Robert Lewis Dear Jr. entered a Planned Parenthood clinic in Colorado Springs Friday, shooting 12 people and killing three, but Planned Parenthood of Wisconsin said in a statement Monday its facilities will continue to function as normal.

Teri Huyck, president and chief executive officer of Planned Parenthood of Wisconsin, said in the statement the health and safety of its patients is Planned Parenthood’s top priority, and it will continue to assess security measures.

“Planned Parenthood has strong security measures in place to ensure that our health centers are safe, supportive, welcoming environments for all people accessing the high-quality health care they need,” Huyck said.

Rep. Chris Taylor, D-Madison, extended her condolences to the victims of the shooting in a statement Tuesday, and said she was glad to see Planned Parenthood was not closing its facilities.

Taylor also touted her co-authored Patients Reproductive Health Care Act, which is legislation intended to allow doctors to recommend treatment based on their expertise rather than law.

“Despite this horrible act of violence, I was heartened to see that Planned Parenthood health centers across the country are keeping their doors open and won’t be intimidated by this cowardly act,” Taylor said. “This attack is a reminder to legislators, commentators and talking heads that rhetoric and words are important.”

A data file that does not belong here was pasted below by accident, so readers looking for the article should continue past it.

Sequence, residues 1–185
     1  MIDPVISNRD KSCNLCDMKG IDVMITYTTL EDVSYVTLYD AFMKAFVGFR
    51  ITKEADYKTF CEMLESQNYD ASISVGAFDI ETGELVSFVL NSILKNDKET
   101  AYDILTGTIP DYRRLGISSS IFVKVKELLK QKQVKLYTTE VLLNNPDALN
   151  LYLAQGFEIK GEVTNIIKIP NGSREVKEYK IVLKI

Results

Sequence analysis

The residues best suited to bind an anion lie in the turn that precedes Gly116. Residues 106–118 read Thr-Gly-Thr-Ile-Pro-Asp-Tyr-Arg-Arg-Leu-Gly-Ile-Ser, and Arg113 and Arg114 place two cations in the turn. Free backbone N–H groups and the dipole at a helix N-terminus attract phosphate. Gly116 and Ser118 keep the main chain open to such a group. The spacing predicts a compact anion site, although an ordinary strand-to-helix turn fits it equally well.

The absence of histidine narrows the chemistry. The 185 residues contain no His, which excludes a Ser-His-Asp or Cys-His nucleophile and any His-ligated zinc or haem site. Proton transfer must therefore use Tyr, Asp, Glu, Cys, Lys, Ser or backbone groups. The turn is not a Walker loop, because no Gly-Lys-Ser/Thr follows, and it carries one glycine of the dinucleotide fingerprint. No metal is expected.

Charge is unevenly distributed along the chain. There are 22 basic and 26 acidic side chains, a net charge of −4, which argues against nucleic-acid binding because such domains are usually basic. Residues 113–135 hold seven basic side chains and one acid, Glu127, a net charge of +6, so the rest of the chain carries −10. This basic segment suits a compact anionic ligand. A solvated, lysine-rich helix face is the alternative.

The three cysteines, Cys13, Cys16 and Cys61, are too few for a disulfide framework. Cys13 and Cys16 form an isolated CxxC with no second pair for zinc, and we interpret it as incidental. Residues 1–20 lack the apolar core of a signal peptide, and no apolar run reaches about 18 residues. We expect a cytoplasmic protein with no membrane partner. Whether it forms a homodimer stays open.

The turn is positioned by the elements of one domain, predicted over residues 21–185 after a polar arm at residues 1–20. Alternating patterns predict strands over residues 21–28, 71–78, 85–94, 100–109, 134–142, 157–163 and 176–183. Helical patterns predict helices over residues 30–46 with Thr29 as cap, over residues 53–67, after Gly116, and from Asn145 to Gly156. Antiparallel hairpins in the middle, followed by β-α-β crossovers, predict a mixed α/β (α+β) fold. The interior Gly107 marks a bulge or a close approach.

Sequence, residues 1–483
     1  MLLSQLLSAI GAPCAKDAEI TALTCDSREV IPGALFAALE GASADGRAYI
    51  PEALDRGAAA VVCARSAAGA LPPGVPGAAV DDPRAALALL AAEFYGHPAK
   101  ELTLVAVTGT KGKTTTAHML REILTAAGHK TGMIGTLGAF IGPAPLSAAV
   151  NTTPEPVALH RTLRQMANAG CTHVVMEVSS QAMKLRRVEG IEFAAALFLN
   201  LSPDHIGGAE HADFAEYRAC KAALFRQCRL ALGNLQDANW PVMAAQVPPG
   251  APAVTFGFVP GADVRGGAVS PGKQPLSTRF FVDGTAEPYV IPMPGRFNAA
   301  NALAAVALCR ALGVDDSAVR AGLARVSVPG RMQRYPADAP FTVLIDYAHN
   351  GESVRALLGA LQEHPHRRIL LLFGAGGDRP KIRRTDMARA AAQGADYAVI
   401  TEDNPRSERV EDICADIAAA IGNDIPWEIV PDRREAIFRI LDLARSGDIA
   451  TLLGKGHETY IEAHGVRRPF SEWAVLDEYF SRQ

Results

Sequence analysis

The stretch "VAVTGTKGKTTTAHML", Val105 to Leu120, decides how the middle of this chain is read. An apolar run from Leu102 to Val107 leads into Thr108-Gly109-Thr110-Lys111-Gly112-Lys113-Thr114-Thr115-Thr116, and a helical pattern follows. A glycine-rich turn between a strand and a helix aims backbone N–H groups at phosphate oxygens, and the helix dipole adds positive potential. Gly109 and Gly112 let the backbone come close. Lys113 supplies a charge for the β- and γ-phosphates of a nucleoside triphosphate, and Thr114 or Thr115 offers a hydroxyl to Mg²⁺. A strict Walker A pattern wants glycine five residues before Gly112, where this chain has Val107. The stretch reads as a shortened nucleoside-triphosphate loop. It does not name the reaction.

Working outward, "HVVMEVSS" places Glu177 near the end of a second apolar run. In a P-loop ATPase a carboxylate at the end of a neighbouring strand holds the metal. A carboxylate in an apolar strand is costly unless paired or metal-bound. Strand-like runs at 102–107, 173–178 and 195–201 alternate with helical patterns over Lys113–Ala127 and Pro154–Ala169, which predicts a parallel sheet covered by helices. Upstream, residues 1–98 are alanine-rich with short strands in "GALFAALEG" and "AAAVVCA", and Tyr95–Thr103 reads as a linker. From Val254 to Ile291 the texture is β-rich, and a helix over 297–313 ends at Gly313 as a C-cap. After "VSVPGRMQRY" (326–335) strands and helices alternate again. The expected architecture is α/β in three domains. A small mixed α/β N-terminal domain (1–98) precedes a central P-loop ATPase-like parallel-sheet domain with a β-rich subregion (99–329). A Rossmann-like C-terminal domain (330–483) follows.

Pro-Life Wisconsin condemned the Colorado shooting in a blog post Monday.

In the post, state director Dan Miller said Pro-Life Wisconsin is categorically opposed to murder, and dignity of human life should be upheld at all stages of life — but that does not change the organization’s stance on abortion.

“Abortion destroys peace and creates a culture of violence and disrespect for human life,” Miller said.

Miller culminated his post with a quote from Mother Teresa of Calcutta, saying “If we accept that a mother can kill even her own child, how can we tell other people not to kill one another?”

Still, Huyck said in the Planned Parenthood statement that as Wisconsin’s oldest reproductive health care provider, its clinics “are not going anywhere.”

“The hateful and inflammatory rhetoric that has fueled a range of attacks on Planned Parenthood will not stop us from providing the health care necessary to keep the people of Wisconsin safe, healthy and strong,” Huyck said.